The 19th National Congress of the Communist Party of China has opened today!
Calvin and I have the precious opportunity to conduct interviews. As this will be Calvin's first time reporting on a Party Congress, he has lots of questions.
For example, he noticed that there are 2,287 delegates in all (after examination, qualifications of 2,280 were confirmed valid), elected from the 89 million Party members in the country. How are these delegates elected?
Good question. Let's do some research together.
The 2,287 delegates (after examination, qualifications of 2,280 were confirmed valid) are elected from 40 election units nationwide, including the 31 provincial-level administrative regions, and key organizations such as central State-owned enterprises, central financial organizations, and central government departments.
Round 1: The Party members of an election unit discuss nominees and put forward the names of preliminary candidates for further review.
Round 2: Background checks are carried out on these candidates.
Round 3: The names of those candidates that pass a background check will be published to solicit public opinions. If no issues are found, they proceed a preliminary vote by the election units to form a candidate list.
Round 4: A majority vote then decides who will become a delegate.
Finally, those elected by their units need the approval of the credential committee of the 19th Party Congress in order to formally become a delegate.
All the procedures are rather strict. For example, in Shaoxing, Zhejiang province, the local Party disciplinary watchdog investigates whether any candidate has ever violated disciplines, the tax office checks their tax records, while urban management officers will investigate if there is any illegal construction on their property.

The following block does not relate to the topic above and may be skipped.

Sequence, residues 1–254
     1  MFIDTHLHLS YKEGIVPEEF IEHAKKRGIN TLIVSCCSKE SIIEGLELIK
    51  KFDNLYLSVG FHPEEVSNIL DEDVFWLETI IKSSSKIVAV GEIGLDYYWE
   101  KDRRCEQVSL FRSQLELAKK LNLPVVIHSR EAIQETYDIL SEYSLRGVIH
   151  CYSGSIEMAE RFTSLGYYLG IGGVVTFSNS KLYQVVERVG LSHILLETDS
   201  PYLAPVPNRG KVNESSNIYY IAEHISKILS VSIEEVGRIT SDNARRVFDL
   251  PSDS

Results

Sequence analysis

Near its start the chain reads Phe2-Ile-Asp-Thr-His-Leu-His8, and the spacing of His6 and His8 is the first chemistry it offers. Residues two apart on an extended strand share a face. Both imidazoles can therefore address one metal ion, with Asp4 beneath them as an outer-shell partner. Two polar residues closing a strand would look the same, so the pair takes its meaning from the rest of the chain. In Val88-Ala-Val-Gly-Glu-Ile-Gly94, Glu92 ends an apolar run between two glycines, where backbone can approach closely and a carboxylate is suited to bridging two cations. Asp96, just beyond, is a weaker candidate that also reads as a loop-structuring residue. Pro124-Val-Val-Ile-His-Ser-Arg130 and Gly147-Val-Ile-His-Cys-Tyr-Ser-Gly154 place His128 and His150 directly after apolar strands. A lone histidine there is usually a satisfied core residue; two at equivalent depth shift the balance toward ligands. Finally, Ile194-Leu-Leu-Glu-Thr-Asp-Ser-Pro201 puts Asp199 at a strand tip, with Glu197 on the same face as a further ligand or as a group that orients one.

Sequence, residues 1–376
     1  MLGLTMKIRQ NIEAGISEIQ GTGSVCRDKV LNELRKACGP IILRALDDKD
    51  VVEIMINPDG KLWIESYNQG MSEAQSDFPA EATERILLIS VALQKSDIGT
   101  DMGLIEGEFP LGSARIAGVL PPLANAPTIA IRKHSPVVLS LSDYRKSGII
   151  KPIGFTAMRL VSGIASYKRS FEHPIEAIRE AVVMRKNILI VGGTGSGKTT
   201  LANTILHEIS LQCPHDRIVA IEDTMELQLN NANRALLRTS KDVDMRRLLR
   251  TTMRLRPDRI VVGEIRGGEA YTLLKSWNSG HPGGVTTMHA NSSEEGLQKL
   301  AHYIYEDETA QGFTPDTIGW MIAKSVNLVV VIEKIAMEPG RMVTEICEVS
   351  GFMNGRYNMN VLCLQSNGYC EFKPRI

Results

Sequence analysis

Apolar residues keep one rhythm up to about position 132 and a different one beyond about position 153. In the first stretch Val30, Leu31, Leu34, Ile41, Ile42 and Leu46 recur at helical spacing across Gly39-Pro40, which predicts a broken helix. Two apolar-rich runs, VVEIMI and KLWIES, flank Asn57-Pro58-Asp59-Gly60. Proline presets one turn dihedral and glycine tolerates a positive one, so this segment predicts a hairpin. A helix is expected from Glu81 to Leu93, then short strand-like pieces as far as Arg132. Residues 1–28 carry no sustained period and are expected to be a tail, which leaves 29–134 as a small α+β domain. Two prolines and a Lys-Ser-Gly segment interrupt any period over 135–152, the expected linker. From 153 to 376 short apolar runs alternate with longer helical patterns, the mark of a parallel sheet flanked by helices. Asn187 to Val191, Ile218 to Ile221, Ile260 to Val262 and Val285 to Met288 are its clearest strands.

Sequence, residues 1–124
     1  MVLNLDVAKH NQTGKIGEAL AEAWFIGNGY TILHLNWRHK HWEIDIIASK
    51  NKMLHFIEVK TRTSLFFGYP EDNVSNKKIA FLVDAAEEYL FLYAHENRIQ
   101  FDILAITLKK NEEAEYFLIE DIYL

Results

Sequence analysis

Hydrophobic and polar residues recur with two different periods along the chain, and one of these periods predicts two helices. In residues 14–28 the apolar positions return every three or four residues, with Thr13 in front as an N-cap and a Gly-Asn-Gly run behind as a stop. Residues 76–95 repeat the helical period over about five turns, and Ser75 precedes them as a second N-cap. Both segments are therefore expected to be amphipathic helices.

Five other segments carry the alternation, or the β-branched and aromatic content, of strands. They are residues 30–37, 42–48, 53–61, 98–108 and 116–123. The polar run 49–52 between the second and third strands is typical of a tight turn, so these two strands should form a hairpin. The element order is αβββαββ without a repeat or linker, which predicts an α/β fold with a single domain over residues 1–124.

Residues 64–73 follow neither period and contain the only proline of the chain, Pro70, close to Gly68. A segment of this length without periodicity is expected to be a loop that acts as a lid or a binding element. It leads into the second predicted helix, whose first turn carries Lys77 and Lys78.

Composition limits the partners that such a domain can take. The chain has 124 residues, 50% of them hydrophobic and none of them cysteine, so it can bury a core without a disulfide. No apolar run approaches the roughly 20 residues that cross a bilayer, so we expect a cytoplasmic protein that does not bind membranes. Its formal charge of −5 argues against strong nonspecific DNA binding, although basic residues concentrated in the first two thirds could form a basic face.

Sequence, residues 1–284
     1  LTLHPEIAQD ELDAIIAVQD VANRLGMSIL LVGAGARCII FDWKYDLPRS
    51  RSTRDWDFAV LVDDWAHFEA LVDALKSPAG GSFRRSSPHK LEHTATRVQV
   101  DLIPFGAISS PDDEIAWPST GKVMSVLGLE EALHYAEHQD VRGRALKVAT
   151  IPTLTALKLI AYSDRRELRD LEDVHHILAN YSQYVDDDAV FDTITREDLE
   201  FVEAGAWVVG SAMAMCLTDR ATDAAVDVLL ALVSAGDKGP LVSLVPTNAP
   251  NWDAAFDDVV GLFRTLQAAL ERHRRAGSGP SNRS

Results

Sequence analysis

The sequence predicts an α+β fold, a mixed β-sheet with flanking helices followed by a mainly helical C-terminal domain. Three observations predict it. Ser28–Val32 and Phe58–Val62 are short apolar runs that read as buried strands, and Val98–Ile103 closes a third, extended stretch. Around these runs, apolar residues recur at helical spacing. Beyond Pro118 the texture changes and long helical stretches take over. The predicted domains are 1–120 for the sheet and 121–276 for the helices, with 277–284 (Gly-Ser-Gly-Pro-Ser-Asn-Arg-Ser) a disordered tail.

The central leadership has emphasized that delegates to the 19th Party Congress must be outstanding Party members.
Adhere to Party discipline.
Have high moral standards.
Firmly follow the central Party leadership with Xi Jinping as the core.
Then Calvin asks: The election units rank quite high in the administrative system. So how are the election rights of ordinary Party members ensured?
The central leadership has taken this into consideration. To make sure the representatives are truly "representative", the central leadership has emphasized that ordinary workers and employees should account for at least one-third of all delegates in provincial-level administrative regions, the central financial system and central SOEs.
The election units have rendered many efforts towards protecting ordinary Party members' rights.
In Inner Mongolia autonomous region, for example, the regional Party committee had taken various measures to reach all the 85,937 Party organizations under its governance. A total of 1,572,797 Party members, or 99.63 percent of that of the whole region, have participated in recommending their favored preliminary candidates.
Of all the 2,280 delegates of the 19th Party Congress, 33.8 percent are ordinary Party members who work in primary-level organizations. Besides, 24.2 percent of all the delegates are females, while 11.5 percent are from minority ethnic groups.
The central leadership has also required that special attention be paid to manual workers, farmers and technicians, as well as those who have helped with the country's reform and development, technological innovation and poverty alleviation programs.
Deng Yingxiang from Guizhou province is one such delegate. Her home village of Mahuai in Luodian county is in a deep valley that used to be inaccessible by road.
For two years starting in 1999, Deng led a team of villagers who dug a 200-meter track across the mountains using nothing but hammers and pickaxes.
In 2011, she again spearheaded a project to widen the track enough for trucks to use. She was elected head of the village in 2013.